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Lying is the concept of being deliberately deceitful, untruthful, or telling of lies, false. Since time immemorial, lying has been a common practice in the world, as people use it, to gain advantages at the expense of others. Kant, a philosopher, pointed arguments why people should not lie.
Theories of ethics
According to Kant, much of man’s conduct should be controlled by such ‘oughts’ whereby if one got a desire then he or she must follow a relevant path, he called this “hypothetical imperatives”. On the other hand, moral obligations do not rely on desires instead one is to perform, these are categorical. The difference between the two theories is that hypothetical “ought” are possible because they have desires while categorical ought are possible because they have reasons. Categorical ought, however, must be accepted by every rational person.
Kant bases his arguments on the categorical imperative principle that one’s actions should be morally correct, and thus when thinking of performing something, know what ‘maxims’ to follow. The maxims, that one chooses, therefore should, be accepted universally as a law, which will determine if the rule is accepted, sound, or forbidden depending on how the community views it.
Arguments of lying
Kant argues that behaviors should be guided by universal laws, which are moral rules that are true in all situations. In his first argument, universal laws should not be based on lies since it would amount to people not believing one another. Suppose one was to lie, and then it should be on those actions that conform to universal rules, people believing each other would make lie not to be appreciated, and, therefore, no lying.
Many people are tempted to make exceptions against lying being good thinking that the consequences of honesty are bad and the consequences of lying are good. That having been considered, nobody knows what the consequences will be, as in; the actions of lying might be extremely bad, therefore avoid it and let the outcomes be, even if the consequences are bad one should not be blamed for it. This points to an assertion that everyone is responsible for their actions, true or not.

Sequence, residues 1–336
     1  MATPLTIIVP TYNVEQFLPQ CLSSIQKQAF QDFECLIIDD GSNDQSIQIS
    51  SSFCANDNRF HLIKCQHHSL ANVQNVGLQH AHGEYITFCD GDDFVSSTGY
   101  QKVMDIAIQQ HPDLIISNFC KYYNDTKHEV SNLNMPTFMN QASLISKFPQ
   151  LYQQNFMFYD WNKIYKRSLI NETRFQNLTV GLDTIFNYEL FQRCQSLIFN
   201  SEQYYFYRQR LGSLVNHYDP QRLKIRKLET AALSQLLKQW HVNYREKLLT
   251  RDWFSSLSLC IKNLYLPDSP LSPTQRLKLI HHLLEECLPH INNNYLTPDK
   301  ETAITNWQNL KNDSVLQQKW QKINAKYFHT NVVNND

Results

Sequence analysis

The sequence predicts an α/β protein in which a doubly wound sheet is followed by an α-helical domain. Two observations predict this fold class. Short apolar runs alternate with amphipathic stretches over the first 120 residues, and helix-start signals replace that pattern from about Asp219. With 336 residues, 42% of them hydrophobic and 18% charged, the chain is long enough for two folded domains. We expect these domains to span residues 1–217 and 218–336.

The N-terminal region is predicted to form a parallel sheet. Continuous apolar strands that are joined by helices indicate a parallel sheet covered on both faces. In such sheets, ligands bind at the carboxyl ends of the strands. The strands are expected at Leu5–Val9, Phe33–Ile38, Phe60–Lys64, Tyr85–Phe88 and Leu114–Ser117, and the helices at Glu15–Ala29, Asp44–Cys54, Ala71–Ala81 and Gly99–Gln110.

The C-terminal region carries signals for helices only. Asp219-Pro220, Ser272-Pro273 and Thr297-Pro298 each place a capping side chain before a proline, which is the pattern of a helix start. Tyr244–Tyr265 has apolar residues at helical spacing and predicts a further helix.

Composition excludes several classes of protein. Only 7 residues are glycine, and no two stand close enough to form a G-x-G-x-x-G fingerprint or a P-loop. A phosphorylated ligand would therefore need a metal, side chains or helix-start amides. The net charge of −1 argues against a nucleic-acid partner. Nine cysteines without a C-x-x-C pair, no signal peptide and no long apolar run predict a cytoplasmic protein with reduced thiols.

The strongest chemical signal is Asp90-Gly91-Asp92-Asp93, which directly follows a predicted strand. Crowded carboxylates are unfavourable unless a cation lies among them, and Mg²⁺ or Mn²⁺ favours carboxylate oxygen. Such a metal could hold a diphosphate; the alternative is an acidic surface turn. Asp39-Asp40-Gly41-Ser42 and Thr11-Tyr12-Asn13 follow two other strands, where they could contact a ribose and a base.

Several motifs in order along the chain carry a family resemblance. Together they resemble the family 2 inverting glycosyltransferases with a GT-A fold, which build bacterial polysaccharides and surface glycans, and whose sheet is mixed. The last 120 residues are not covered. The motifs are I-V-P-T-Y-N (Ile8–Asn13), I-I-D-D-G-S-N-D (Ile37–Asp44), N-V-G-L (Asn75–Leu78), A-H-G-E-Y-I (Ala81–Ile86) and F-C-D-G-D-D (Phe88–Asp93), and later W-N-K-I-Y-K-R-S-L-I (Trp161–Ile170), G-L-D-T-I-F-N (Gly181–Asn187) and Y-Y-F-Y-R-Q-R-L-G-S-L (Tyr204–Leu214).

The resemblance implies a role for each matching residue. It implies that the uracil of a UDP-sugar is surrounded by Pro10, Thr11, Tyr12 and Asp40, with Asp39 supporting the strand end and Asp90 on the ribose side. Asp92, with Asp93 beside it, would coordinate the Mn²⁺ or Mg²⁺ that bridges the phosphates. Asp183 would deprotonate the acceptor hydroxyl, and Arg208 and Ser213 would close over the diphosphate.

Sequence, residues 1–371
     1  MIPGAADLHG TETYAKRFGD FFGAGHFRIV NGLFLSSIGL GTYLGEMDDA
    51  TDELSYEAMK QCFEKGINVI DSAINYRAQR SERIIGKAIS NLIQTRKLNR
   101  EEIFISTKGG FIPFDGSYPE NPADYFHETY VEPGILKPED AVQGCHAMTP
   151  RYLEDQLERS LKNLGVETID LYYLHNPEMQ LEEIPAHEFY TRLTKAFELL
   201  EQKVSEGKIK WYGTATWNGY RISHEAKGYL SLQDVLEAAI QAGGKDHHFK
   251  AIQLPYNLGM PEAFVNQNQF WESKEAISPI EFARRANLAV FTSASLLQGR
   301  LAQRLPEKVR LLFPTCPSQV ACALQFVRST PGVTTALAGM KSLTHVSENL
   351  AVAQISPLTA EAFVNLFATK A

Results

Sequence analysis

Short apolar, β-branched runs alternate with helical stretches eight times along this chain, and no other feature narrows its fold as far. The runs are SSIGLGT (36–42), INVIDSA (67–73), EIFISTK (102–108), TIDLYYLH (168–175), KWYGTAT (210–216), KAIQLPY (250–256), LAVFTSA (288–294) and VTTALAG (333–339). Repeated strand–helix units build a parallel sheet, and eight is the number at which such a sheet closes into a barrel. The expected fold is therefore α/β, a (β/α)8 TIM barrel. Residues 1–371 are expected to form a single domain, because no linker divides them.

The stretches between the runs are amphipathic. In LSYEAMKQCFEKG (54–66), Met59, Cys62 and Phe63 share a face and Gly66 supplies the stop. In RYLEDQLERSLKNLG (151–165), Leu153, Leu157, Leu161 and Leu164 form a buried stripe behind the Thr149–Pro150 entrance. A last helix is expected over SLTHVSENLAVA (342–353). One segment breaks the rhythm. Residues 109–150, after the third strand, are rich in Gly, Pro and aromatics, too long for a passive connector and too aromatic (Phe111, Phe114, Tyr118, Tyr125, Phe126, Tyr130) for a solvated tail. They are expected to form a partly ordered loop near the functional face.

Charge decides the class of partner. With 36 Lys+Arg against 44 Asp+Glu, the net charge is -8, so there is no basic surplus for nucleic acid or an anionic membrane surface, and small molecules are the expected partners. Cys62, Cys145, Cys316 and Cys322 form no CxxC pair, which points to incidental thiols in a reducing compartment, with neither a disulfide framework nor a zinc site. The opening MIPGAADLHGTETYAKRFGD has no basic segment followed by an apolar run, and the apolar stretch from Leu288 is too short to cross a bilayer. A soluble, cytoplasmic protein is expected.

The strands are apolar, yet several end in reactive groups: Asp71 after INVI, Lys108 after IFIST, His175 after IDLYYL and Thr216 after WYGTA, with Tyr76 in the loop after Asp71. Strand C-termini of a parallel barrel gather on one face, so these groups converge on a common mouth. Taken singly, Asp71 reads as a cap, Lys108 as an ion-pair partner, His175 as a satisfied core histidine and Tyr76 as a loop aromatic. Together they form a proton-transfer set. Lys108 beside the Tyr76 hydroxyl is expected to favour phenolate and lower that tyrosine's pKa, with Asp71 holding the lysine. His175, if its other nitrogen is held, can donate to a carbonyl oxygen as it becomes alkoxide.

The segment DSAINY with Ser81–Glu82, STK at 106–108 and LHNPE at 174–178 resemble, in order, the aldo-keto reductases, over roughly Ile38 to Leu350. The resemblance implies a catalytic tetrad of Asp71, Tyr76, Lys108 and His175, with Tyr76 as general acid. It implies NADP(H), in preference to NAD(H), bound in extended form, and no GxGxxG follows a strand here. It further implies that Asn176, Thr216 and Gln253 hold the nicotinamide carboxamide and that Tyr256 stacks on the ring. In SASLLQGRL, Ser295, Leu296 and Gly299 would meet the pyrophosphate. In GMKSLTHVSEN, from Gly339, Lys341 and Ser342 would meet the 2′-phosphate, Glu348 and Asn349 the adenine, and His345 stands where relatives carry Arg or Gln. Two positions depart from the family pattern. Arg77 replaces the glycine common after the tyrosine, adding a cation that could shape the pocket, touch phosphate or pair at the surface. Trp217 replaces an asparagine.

Moral reasons, if valid, are binding on all people and at all times, therefore, must always be used and followed that if you accept any factors in one situation, you must also accept them in other cases. In morals, a person cannot regard herself as right or special. From this view, she cannot think that she is consistently permitted to act in a certain way that is forbidden to others, or that her intentions are more important than other people’s interests.
Before one considers lying to save a situation or as the only option then the chosen option must always apply at all times. The consequences derived from lying, according to Kant, have many repercussions than telling the truth as they may lead one in the wrong direction with serious implications (analogy of the murderer and the fleeing man). Responsibility and accountability are the facets of morals, the consequences of your actions should be borne by you alone and no one must suffer or gain favors in the name of a lie. Lies are not justifiable.